Creativity

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Writing as light

Tuesday, September 23rd, 2014

The darkness of this world has been weighing me down and sucking me under, cinderblocks tied to my ankles. You know what I’m talking about; all the news is bad. Every day is full of incessant sound bites, ISIS and Syria and Ebola and child abuse and gunmen hiding in the woods. It’s enough to give even the most stalwart a panic attack.

My heart has been beating more rapidly these days, and my fingers have been twitching. It’s not that I’m necessarily afraid for myself (although perhaps I should be). But at a very physical level, this world is not a safe place – and yet here we are, living complicated lives that slap against others’ complicated lives like BBs in a pinball machine. Life should come with a warning: Brace yourself – this is gonna hurt.

Which is why this weekend meant so much to me.

I was invited to attend a workshop called the Art of Songwriting hosted by the Nashville Treehouse. It was fairly last minute, and I had to rearrange some pre-existing travel (to Seattle – which is a trip I’ll need to make up soon). But the writer in me has been in need of some TLC (not this) (or this), and it was an opportunity I couldn’t pass up. I’m so glad I didn’t.

Fifteen women gathered for two days, and we had a chance to share songs, share stories, co-write, and learn from each other. It could so easily have turned into a competitive game of comparison – because shoot, these ladies could WRITE – but somehow, everyone seemed to bring their most authentic self and check any ego at the door. I was shocked. It was beautiful.

As I drove to the Treehouse, I made a conscious decision to shut the door on all of the darkness and stress and jam it with a folding chair.

And sometime during those two days, full of freedom and light and encouragement, it occurred to me that jamming the door is nothing new for me. I’ve been a professional door slammer since I was 14 (just ask my parents) – but in the last couple of years, I’ve been jamming it in the wrong direction. I’ve been doing it to my writing. I’ve blocked it out, said no, curled up in the dark closet where it’s “safe,” hoping that the boogeyman doesn’t find me.

But the only way to scare off the monsters is to bathe them in LIGHT. And that’s what writing is for me: pure luminosity.

I had forgotten. But this weekend reminded me, and I’m grateful. Kim and Paulette, thank you for hosting us – and Abby for this beautiful video!

The Art of Songwriting Sneak Peek from Nashville Treehouse on Vimeo.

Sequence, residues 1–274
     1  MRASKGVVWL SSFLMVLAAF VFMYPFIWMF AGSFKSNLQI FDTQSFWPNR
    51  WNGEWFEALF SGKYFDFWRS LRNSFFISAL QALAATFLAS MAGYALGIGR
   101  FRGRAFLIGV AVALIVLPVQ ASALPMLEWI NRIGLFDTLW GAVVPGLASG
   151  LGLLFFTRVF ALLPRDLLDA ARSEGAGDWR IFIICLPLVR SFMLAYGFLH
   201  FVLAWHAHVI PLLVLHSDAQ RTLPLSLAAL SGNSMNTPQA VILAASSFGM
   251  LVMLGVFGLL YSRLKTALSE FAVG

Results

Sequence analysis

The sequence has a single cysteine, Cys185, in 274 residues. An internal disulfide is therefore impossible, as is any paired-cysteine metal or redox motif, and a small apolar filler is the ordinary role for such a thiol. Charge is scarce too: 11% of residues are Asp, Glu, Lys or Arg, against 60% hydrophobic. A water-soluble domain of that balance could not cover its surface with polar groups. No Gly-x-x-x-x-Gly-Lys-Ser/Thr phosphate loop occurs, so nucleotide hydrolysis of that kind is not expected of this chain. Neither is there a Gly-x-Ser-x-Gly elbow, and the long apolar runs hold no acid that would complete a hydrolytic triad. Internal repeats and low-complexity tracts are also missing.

All That I Want

Sunday, April 13th, 2014

It’s been awhile, but I’ve written a new song.

I love this description of the creative process, especially because it’s nice to know that I’m not the only one who experiences #3 and #4. Actually, I tend to get stuck there – which is probably why I finish so few creative endeavors these days.

But I pushed myself to finish this one, and even though I want to apologize for its imperfections, I’m making myself share it. Even if it’s just a work tape and even if my guitar skills are bad and even if I’m not sure about certain parts SEE I NEED TO STOP APOLOGIZING AND JUST PUT IT OUT THERE.

Because you guys are safe, right? Thanks for listening.

:::::

[I’ve taken the track down for now. Maybe you’ll hear it again someday.]

Caine’s Arcade

Tuesday, May 22nd, 2012

You’ve probably seen this, since apparently it’s been viral for a while.  I don’t know how I missed it, since the internet is my most frequent stomping ground (ugh, depressing).  Anyhow, it was new to me.

Take 10 minutes to watch this short film called “Caine’s Arcade” about a 9-year old boy who built an elaborate DIY arcade out of cardboard.  The ingenuity and cleverness are astounding.

Just when I think that technology is ruining all of our brains, a kid like this comes along and renews my faith in creativity.  Caine’s sweet heart won me over.  His square root security system blew my mind.  And his reaction to the crowd made me cry.

Visit Caine’s website, throw a few bucks at his college fund, and if you’re in L.A., make my day and go buy a Fun Pass.

Ira Glass knows what’s up

Wednesday, October 26th, 2011

Ira Glass on Storytelling from David Shiyang Liu on Vimeo.

Just call me angel of the morning

Thursday, July 7th, 2011

Morning is my least-creative time.  I am not –  how do you say it? – PERKY.  I don’t wake up before the sun, just bursting with inspiration to get the day started.  And because I don’t work in a traditional office environment, the most “ready” I get these days is a tank top and workout pants.

My best thinking is done when I’m not trying to think.  My best writing is done when I’m not trying to write.  Inspiration often strikes in the middle of the afternoon, when I’m troubleshooting HTML code or talking to a co-worker about email delivery (don’t be jealous).  My desktop is littered with text files, snippets of sentences and scraps of songs, which I usually return to late at night as I’m going to bed.

That’s when I write.

And yet, it’s before 8am, and I’m just typing as I think.

We’ll see how this goes.

Are you ever struck with just how lucky you are?  Don’t get me wrong – I’ve had my fair share of pity parties (duh, you know this).  But sometimes, when I can take a step back and look at the good things, it’s a little bit overwhelming.

Today, my brother and sister-in-law have been married for 10 years.  They were 20 and 21 on their wedding day, and at 18, it was my first time being a bridesmaid  – little did I know how well-experienced I would be 10 years later.

When I think about Ashley, and all that she adds to our family, I just feel really thankful.  She is creative and irreverent and passionate, funny, self-deprecating, soulful.  When she really laughs, it’s this explosive, joyful sound that probably makes the angels dance.  And my dear brother loves her so well.

I look at their relationship, and at my sweet nephews (all three!), and I feel hopeful.

Unbeknownst to me, while we were celebrating their wedding 10 years ago, someone who would later become one of my closest friends was ringing in the big 2-1.  Today is Annie Downs‘s 31st birthday, ladies and gentlemen.  If you know her, you love her – that’s just the way it is.  Few people in this world have such a wide circle of influence and friendship, but Annie Downs is something special.  She is hilarious and selfless and ballsy and loyal.  If you live in Nashville and see her today, give her a hug from me.